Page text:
Texas federal judge blocks Biden’s deportation ‘pause’

Bizar Male

Though the order is temporary, the state’s lawsuit portends more legal challenges by Biden opponents, appealing to a judicial branch reshaped by the confirmation of hundreds of Trump appointees.

Paxton, a close Trump ally, celebrated the ruling as a “victory” on Twitter and declared Texas “the FIRST state in the nation to bring a lawsuit against the Biden Admin. AND WE WON.”

In one of his first executive actions, Biden ordered U.S. Immigration and Customs Enforcement to halt most deportations from the interior of the United States for 100 days. The pause was intended to allow ICE to overhaul its enforcement priorities, amid intense criticism from Democrats that President Donald Trump had used the agency to terrorize immigrants who had not committed violent or other serious crimes.

Biden’s moratorium did not apply to border-crossers who arrived in the United States after Nov. 1, and it allowed for other exceptions including matters of national security. Conservatives were incensed that Biden’s pause would prevent most deportations of criminals with violent felony convictions, potentially allowing their release into the United States once they’d completed jail or prison sentences.

Texas argued that the moratorium would place an unfair burden on the state and that the measure violated an agreement Paxton and Gov. Greg Abbott (R) had signed with Ken Cuccinelli, then serving as acting deputy secretary of the Department of Homeland Security, less than two weeks before Biden was sworn in.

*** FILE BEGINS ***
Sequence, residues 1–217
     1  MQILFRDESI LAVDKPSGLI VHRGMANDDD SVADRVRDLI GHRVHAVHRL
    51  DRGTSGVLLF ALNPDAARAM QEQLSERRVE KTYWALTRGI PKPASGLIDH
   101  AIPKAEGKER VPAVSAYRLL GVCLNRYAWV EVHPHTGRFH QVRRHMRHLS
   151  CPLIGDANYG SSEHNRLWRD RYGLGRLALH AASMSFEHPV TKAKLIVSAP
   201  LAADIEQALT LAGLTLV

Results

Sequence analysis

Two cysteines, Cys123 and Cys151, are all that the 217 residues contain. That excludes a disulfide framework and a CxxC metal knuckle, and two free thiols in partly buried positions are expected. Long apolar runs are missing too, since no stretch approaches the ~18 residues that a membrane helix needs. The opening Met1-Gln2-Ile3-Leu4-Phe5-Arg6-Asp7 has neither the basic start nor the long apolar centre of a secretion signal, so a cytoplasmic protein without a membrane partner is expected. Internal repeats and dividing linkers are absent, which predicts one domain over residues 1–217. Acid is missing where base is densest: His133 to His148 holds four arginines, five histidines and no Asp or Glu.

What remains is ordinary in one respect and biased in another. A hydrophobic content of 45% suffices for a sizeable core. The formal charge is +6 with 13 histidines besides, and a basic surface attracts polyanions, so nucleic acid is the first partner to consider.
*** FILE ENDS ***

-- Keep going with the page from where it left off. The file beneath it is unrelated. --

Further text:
Tipton’s ruling did not address the agreement, which the Biden administration does not recognize as legally binding.

The state also referenced a Fox News report citing an internal ICE email calling for the mass release of detainees. But government attorneys provided the email to the court Monday, indicating that its contents had not been accurately reported by the network.

In his tweet, Paxton described Biden’s deportation pause as “a seditious left-wing insurrection,” repeating a term used by lawmakers of both parties to describe the Jan. 6 mob attack on the U.S. Capitol.

Tipton, who was appointed by Trump in June, made explicit in his ruling that the restraining order applies nationwide. He scheduled a new hearing Thursday and called the issues raised by the DHS agreement with Texas “of such gravity and constitutional import that they require further development of the record and briefing prior to addressing the merits.”

Tipton also left open the possibility that he would narrow his ruling in the coming weeks.

“The Court notes that the scope of this injunction is something it is willing to revisit after the parties fully brief and argue the issue for purposes of the upcoming motion for preliminary injunction,” he wrote. “Though the scope of this [temporary restraining order] is broad, it is not necessarily permanent.”

Tipton directed ICE to return to its previous operational posture, effectively directing the agency to resume deportations. An ICE official said the agency was preparing a statement.